The question is – who is going to pay Europe’s debts, not how do we generate enough to pay?
Felix Martin's "Real Money" column.
Both the financial and the political elite of Europe were shocked by the result of the general election in Italy. To the financial markets, the hung parliament that emerged was an unpleasant reminder that the eurozone’s financial crisis remains unresolved. On trading desks in Frankfurt and London, the talk was once again of the euro as a fundamentally flawed project.
The eurozone’s political elite were no less alarmed. To conservative opinion in Germany, it was a disappointing victory for the forces of moral degeneracy in the ongoing struggle between Teutonic prudence and Latin profligacy. “A race is taking place in Europe between those backing austerity and reform policies on one side and populists on the other”, as one leading German business paper put it.
But exactly what kind of crisis are the financial markets afraid of? And is the conservative vision of the dilemma it presents to the European electorate accurate?
The answer to the first question is not as simple as it might seem. Bare economic statistics hardly suggest the eurozone is a basket case. Unlike the US and the UK, the region runs an external surplus – it exports more to the rest of the world than it imports from it. On the fiscal front, while the US is battling to reduce its deficit from 8.7 per cent of gross domestic product (GDP) and the UK is only a little better off, the gap between eurozone public revenues and spending is much more manageable at a mere 3.3 per cent. And when it comes to debt, there is simply no comparison. Most developed economies can only dream of the eurozone’s 76 per cent ratio of public debt to GDP.
The problem is that this aggregate picture is only half the story: it conceals vast discrepancies between the eurozone’s constituent states. In the honeymoon years following the euro’s introduction, southern Europe gorged on cheap credit while Germany underwent painful reforms. The result was a chronic divergence of competitiveness that was accommodated before 2008 by the accumulation of debt both within and between eurozone countries. So although the region as a whole remained financially quite well balanced, some of its members – notably on the southern periphery – ended up as big net debtors, while others – most notably Germany – became huge net creditors.
As is the way with debt, this all seemed sustainable, until suddenly it didn’t. Starting in May 2010, private lenders repented of their folly and fled the financing of overindebted governments at home and abroad. First Greece, then Ireland and then Portugal were forced to turn to the International Monetary Fund and the European Commission to meet their funding needs. And when, in the middle of last year, the private capital markets began to lose faith in the euro itself, the European Central Bank was forced to announce that it stood ready to bail out any member state to a potentially unlimited degree.
The legacy of financial obligations heaped up in the good times is a problem not just for the cohesion of the eurozone but of its individual member states as well. Italy is the prime example.
There is much to envy about Italy’s economy. Its external and fiscal accounts show only modest deficits. Indeed, if interest payments are factored out, the Italian government runs a surplus – a distant prospect for the Anglo-Saxon economies. But Italy nevertheless has a problem in the scale of the financial obligations that have been contracted over time between constituent parts of its society. Its government sector is dizzyingly indebted – to the tune of 120 per cent of GDP. Its household sector, meanwhile, is a huge net creditor, with a net worth of more than four times this amount – a significant part of which is held in the form of its own government’s bonds.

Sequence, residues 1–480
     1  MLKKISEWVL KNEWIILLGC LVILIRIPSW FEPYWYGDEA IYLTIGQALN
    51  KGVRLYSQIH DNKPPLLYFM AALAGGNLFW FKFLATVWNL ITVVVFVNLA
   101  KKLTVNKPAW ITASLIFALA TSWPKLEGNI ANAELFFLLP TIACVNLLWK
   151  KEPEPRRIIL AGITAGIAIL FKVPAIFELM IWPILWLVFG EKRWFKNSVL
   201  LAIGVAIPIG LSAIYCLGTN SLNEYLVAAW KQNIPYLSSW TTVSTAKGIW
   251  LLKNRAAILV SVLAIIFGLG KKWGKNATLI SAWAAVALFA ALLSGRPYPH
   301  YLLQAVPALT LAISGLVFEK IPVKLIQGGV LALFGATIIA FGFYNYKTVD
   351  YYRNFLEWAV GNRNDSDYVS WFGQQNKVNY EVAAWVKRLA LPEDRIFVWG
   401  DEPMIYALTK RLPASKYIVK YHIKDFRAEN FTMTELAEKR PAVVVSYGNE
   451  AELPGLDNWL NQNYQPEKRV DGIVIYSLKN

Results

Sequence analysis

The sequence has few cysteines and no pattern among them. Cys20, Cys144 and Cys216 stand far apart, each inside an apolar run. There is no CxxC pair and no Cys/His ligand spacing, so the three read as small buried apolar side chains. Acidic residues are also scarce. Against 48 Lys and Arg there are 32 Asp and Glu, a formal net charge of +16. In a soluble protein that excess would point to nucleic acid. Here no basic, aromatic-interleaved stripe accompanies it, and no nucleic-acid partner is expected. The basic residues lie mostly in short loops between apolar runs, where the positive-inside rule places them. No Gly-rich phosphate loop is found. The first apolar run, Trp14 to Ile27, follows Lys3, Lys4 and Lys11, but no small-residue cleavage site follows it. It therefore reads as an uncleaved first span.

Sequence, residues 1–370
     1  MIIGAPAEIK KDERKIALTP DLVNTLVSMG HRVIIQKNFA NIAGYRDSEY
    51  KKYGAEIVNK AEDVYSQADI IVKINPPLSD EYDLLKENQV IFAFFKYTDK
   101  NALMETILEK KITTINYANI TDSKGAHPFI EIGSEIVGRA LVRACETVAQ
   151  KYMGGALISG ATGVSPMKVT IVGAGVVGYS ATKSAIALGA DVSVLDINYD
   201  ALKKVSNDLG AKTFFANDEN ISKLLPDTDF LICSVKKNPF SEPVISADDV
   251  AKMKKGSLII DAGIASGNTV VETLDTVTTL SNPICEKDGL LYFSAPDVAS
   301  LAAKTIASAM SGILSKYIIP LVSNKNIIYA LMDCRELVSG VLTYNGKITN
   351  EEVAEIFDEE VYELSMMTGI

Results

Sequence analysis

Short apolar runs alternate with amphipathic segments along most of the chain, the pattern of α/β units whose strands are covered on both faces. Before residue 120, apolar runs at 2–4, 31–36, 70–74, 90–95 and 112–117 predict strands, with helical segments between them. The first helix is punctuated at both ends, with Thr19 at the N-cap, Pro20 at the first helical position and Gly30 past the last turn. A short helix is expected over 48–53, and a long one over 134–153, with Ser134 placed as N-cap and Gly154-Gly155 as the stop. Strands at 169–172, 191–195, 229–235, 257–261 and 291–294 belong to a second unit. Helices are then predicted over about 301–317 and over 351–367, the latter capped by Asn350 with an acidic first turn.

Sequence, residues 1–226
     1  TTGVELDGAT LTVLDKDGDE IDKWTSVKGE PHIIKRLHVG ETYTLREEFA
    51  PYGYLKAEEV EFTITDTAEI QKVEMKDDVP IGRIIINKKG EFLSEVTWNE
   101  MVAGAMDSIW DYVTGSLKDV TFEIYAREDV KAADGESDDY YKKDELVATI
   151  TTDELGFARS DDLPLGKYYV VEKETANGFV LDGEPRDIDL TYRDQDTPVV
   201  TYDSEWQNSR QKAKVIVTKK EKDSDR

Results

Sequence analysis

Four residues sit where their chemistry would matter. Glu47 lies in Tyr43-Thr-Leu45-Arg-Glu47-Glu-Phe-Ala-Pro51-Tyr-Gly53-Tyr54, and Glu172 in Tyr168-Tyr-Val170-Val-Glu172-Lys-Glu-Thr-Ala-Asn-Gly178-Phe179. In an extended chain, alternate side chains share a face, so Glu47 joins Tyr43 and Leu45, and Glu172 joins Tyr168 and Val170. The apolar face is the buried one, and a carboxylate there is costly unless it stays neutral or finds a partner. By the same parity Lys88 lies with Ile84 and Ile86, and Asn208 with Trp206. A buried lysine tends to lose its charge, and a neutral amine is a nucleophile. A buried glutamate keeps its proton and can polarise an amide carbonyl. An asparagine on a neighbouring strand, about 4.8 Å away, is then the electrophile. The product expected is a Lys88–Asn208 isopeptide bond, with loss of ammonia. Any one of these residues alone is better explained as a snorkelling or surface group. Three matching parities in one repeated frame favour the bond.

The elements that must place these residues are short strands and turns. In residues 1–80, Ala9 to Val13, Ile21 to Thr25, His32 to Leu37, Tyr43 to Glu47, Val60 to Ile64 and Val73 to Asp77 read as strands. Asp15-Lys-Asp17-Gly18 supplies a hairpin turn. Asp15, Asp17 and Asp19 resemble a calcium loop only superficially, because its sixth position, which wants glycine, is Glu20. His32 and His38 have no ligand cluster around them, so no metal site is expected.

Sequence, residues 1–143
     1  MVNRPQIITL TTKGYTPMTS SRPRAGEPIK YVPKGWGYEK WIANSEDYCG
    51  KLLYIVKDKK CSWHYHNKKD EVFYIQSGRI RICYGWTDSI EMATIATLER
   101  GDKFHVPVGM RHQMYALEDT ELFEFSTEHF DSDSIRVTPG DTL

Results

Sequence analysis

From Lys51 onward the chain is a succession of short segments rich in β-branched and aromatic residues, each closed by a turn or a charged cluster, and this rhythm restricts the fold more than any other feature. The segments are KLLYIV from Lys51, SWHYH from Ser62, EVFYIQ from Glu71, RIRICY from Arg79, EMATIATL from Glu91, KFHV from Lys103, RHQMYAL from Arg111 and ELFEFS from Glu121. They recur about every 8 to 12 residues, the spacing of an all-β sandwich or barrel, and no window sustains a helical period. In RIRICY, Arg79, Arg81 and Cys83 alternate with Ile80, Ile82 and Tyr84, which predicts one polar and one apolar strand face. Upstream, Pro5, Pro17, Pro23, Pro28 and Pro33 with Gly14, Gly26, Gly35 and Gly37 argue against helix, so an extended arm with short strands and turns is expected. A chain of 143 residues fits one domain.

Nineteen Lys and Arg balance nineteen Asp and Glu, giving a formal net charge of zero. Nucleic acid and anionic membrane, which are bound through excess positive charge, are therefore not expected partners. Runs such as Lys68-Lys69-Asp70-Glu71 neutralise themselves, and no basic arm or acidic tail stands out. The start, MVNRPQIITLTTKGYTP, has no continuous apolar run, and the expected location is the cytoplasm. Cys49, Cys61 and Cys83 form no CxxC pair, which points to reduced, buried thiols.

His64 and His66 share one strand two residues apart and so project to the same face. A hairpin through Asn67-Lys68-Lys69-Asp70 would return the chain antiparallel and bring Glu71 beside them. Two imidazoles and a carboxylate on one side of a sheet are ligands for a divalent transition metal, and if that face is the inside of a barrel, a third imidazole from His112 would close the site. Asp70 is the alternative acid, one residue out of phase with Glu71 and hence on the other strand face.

These debts make Italy’s situation, and the eurozone’s, fragile – not so much for economic but for political reasons. In both cases, there is more than enough wealth to pay the debts that have been run up. The contentious question is whose share of that wealth is going to be commandeered to do so. So the markets are quite right to be spooked by an Italian election in which parties pledged to abandon Mario Monti’s carefully crafted austerity plans won an absolute majority of the popular vote. They recognise that what is at issue in Italy, and in the eurozone as a whole, is not whether there are the means to bake a cake as large as was promised – the aggregate numbers for the region as a whole indicate that European cake-baking is in relatively rude health – but who gets to eat how much of it. And they scent that Italians who voted for Beppe Grillo and Silvio Berlusconi are not content with the current answer.
Conservative opinion insists that the only credible way out of Europe’s debt crisis is for governments to drive through structural reforms to increase productivity and so generate more to go round in the future. Those who suggests otherwise are, as another German newspaper put it this past week, “radical forces and populists, with irresponsible promises and no regard for consequences”.
The truth is the opposite. Structural reform and higher growth would be welcome. Yet Italy’s dilemma, like the eurozone’s, is not over productivity so much as the distribution of wealth. The question is not how the eurozone can generate enough wealth to pay its debts: taken as a whole, it already does. It is who should pay and how much.
Last month’s Italian election showed that the electorate does not think Monti’s orthodox answer to that question is fair. Politicians who come up with workable alternatives should not be reviled as irresponsible populists with no regard for consequences. They should be hailed as the only hope there is. As Keynes wrote in 1923, “The absolutists of contract . . . are the real parents of revolution.”
Felix Martin is a macroeconomist and bond investor